16. You’ve realized that nobody ain’t goin’ anywhere if they are not ready to work hard. The odds of a person winning a lottery is pretty close to zero and by 18 you know how challenging yet totally possible it is to reach your dreams. Seventeen years of Earth has taught you life is no easy business; till now your parents may have sweated it out so that you could live well and now its your turn to take to the hard work and live all your dreams.

    17. And finally, through all this accumulated wisdom, you might realize how difficult it is to practically implement things we know too well in theory and in our thoughts. What sounds great in theory is tough to gain the courage or wisdom to get going…from asking someone out to starting a small online business, taking the first step can sometimes be the most difficult.

    But that’s the real challenge of life, right? To act on the wisdom and thoughts whose implementation terrifies us… or at least to try.

    Featured photo credit: just1snap via flickr.com

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    Last Updated on September 17, 2018

    Why Do I Have Bad Luck? 2 Simple Things to Change Your Destiny

    Why Do I Have Bad Luck? 2 Simple Things to Change Your Destiny

    Are you one of those people who are always suffering setbacks? Does little ever seem to go right for you? Do you sometimes feel that the universe is out to get you? Do you wonder:

    Why do I have bad luck?

    Let me let you into a secret:

    Your luck is no worse—and no better—than anyone else’s. It just feels that way. Better still, there are two simple things you can do which will reverse your feelings of being unlucky.

    1. Stop believing that what happens in your life is down to the vagaries of luck, destiny, supernatural forces, malevolent other people, or anything else outside your self.

    Psychologists call this “external locus of control.” It’s a kind of fatalism, where people believe that they can do little or nothing personally to change their lives.

    Because of this, they either merely hope for the best, focus on trying to change their luck by various kinds of superstition, or submit passively to whatever comes—while complaining that it doesn’t match their hopes.

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    Most successful people take the opposite view. They have “internal locus of control.” They believe that what happens in their life is nearly all down to them; and that even when chance events occur, what is important is not the event itself, but how you respond to it.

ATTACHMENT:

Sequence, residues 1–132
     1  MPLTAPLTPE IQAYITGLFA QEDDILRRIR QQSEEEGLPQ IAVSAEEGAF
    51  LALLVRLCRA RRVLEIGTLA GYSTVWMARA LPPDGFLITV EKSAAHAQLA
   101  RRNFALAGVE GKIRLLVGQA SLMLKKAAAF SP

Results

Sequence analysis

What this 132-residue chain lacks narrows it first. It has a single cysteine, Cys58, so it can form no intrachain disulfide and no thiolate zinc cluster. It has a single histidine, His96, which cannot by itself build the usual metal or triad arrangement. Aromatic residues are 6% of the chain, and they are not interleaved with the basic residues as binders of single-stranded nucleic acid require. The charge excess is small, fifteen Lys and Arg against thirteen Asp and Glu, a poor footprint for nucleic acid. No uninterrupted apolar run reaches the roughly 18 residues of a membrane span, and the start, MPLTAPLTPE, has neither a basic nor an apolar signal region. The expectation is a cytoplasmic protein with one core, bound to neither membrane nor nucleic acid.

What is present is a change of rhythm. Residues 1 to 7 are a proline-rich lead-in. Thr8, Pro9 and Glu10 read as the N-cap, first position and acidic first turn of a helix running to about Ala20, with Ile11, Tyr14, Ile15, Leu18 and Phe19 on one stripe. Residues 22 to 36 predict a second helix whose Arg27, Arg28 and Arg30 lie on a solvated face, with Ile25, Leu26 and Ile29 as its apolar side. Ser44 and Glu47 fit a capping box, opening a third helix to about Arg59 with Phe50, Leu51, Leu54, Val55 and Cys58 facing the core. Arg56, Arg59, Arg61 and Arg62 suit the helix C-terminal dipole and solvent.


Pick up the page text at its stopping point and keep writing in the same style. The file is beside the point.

This makes them pro-active, engaged, ready to try new things, and keen to find the means to change whatever in their lives they don’t like.

    They aren’t fatalistic and they don’t blame bad luck for what isn’t right in their world. They look for a way to make things better.

    Are they luckier than the others? Of course not.

    Luck is random—that’s what chance means—so they are just as likely to suffer setbacks as anyone else.

    What’s different is their response. When things go wrong, they quickly look for ways to put them right. They don’t whine, pity themselves, or complain about “bad luck.” They try to learn from what happened to avoid or correct it next time and get on with living their life as best they can.

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    No one is habitually luckier or unluckier than anyone else. It may seem so, over the short term (Random events often come in groups, just as random numbers often lie close together for several instances—which is why gamblers tend to see patterns where none exist).

    When you take a longer perspective, random chance is just . . . random. Yet those who feel that they are less lucky, typically pay far more attention to short-term instances of bad luck, convincing themselves of the correctness of their belief.

    Your locus of control isn’t genetic. You learned it somehow. If it isn’t working for you, change it.

    2. Remember that whatever you pay attention to grows in your mind.

    If you focus on what’s going wrong in your life—especially if you see it as “bad luck” you can do nothing about—it will seem blacker and more malevolent.

    In a short time, you’ll become so convinced that everything is against you that you’ll notice more and more instances where this appears to be true. As a result, you will almost certainly stop trying, convinced that nothing you can do will improve your prospects.

    Fatalism feeds on itself until people become passive “victims” of life’s blows. The “losers” in life are those who are convinced they will fail before they start anything; sure that their “bad luck” will ruin any prospects of success.

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    They rarely notice that the true reasons for their failure are ignorance, laziness, lack of skill, lack of forethought, or just plain foolishness—all of which they could do something to correct, if only they would stop blaming other people or “bad luck” for their personal deficiencies.

    Your attention is under your control. Send it where you want it to go. Starve the negative thoughts until they die.

    To improve your fortune, first decide that what happens is nearly always down to you; then try focusing on what works and what turns out well, not the bad stuff.

    Your “fate” really does depend on the choices that you make. When random events happen, as they always will, do you choose to try to turn them to your advantage or just complain about them?

    Thomas Jefferson is said to have used these words:

    “I’m a great believer in luck and I find the harder I work, the more I have of it.”

    Ralph Waldo Emerson said:

    “Shallow men believe in luck. Strong men believe in cause and effect.”

    Your luck, in the end, is pretty much what you choose it to be.

    Featured photo credit: LoboStudio Hamburg via unsplash.com